Grenfell Tower

Paris Banlieues

Following the collapse of their empires in the late 1940s through early 1960s, both France and Britain found that a legacy of colonisation in the Third World was lots of migrants from those countries, most often than not poorly skilled and educated and wanting a better life.  And since, in those days, there were post-war labour shortages, the former colonial masters were happy to let them in so they could do the menial jobs that their own people weren’t keen on.

Things changed in the economic turmoil of the 1970s, however, and significant levels of unemployment among the immigrants arose. In France, accommodations provided for the immigrants usually consisted of awful apartment blocks in major city outskirts, the so-called banlieues.  Needless to say, they have been areas full of crime and social unrest.

In Britain, social housing has mostly been provided by local council estate blocks, likewise cheap and nasty.

A week ago a 24-story apartment block in London, Grenfell Tower, made the international news when it spectacularly caught fire in the early hours of the morning and quickly became the biggest towering inferno since 9/11.

There are several webpages on the cause and progress of the fire; what is even more interesting are details that have emerged about the obvious desire on the part of the building’s owners, the Royal Borough of Kensington and Chelsea, for gentrification of what is a relatively affluent urban area — certainly Chelsea is, Kensington a bit less so.  The highly flammable cladding that its aptly named Tenant Management Organisation (there to manage the tenants rather than the building) recently affixed to this building was apparently intended to the make the tower, completed in 1974, more attractive for other residents of the district from the outside.  The rents also in this block weren’t cheap either. The TMO didn’t concern itself with complaints that tenants had about matters like power surges, let alone the lack of fire alarms, sprinklers and evacuation drills (in fact, they had been told not to evacuate in the event of fire).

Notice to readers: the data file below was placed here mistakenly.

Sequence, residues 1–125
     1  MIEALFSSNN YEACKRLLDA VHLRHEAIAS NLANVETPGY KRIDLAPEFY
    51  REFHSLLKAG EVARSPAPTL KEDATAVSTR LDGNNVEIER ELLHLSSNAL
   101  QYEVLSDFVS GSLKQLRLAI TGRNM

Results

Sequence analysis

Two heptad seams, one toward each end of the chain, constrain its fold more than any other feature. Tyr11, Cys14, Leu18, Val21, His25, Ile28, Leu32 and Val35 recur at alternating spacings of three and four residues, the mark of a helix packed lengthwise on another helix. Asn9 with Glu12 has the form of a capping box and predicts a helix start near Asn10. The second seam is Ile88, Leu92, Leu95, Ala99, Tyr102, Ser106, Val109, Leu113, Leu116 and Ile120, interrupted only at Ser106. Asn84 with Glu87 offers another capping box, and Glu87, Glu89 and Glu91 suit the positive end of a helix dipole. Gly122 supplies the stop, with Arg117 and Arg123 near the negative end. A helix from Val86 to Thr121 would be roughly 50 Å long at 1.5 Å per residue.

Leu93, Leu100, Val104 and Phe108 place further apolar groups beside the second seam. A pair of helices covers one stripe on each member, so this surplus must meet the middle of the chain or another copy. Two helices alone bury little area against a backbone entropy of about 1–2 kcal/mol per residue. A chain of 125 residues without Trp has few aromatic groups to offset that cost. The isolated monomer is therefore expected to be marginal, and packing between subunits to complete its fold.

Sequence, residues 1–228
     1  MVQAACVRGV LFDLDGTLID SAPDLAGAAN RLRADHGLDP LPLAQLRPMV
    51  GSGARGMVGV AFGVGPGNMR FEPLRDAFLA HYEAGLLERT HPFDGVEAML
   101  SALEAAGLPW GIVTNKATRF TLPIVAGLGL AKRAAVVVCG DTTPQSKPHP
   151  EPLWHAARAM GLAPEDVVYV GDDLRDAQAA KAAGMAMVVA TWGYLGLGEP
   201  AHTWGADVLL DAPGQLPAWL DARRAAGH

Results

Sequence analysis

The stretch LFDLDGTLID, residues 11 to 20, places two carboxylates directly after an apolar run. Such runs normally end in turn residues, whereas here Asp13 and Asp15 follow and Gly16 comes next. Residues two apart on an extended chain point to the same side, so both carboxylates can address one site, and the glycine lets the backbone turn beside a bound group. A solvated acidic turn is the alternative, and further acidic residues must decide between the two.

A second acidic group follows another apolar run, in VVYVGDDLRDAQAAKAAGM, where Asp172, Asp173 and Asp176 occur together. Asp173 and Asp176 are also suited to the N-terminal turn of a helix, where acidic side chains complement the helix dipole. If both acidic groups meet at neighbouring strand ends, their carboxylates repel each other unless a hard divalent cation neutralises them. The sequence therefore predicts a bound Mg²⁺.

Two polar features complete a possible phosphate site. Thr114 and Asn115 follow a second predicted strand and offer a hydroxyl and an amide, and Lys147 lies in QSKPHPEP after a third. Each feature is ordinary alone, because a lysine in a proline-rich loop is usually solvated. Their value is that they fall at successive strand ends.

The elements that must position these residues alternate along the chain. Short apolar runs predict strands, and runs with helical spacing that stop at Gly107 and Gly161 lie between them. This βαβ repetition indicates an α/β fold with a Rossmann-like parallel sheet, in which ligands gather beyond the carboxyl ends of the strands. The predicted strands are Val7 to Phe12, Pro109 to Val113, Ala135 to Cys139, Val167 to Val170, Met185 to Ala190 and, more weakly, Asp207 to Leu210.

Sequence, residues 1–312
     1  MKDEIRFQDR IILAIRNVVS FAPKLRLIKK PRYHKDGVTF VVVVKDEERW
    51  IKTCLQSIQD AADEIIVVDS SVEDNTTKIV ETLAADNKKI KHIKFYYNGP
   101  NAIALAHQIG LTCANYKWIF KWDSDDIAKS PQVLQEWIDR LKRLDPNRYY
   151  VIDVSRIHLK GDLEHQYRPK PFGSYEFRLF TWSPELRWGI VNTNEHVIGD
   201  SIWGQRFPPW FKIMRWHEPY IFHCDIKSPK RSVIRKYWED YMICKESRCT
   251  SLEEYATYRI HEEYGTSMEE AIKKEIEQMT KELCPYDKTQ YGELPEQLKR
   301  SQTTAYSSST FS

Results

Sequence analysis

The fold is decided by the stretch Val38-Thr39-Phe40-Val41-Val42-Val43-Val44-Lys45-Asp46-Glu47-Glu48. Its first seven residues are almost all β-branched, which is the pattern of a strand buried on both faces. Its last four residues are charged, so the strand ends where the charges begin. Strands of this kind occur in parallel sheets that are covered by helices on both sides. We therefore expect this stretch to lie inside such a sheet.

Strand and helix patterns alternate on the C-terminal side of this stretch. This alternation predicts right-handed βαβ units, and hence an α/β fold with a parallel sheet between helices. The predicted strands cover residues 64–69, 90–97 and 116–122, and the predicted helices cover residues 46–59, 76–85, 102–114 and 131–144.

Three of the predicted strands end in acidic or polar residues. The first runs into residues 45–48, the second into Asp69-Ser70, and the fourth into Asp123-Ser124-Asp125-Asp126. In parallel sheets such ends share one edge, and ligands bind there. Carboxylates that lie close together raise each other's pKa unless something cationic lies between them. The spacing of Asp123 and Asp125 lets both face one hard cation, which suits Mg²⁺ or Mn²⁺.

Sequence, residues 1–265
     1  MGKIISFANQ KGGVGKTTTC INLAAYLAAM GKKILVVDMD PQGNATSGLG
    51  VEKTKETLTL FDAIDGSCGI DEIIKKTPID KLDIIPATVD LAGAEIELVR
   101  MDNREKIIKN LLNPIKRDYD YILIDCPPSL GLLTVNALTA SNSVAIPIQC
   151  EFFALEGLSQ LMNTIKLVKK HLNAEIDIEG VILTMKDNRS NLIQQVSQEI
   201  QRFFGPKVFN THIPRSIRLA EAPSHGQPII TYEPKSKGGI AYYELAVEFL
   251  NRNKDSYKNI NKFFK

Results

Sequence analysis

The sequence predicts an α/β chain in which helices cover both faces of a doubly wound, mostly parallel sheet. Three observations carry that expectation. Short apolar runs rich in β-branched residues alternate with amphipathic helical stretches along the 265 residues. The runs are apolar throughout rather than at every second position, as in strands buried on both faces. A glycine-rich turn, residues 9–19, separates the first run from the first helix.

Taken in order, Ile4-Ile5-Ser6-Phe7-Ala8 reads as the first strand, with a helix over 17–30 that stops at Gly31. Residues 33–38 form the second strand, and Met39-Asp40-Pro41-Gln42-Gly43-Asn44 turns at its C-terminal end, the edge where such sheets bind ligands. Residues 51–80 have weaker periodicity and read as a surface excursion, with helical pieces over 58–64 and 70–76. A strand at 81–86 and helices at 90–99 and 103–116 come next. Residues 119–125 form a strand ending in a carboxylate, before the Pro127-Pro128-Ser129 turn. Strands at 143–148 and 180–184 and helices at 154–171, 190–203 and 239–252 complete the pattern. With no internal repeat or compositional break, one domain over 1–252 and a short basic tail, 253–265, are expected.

We’ve seen the Horowhenua District Council’s disdain for social housing;  their solution — sell it and maybe the resulting higher rents will force the riff-raff to go elsewhere.  And in London, not only the Royal Borough of Kensington and Chelsea, well, listen to this: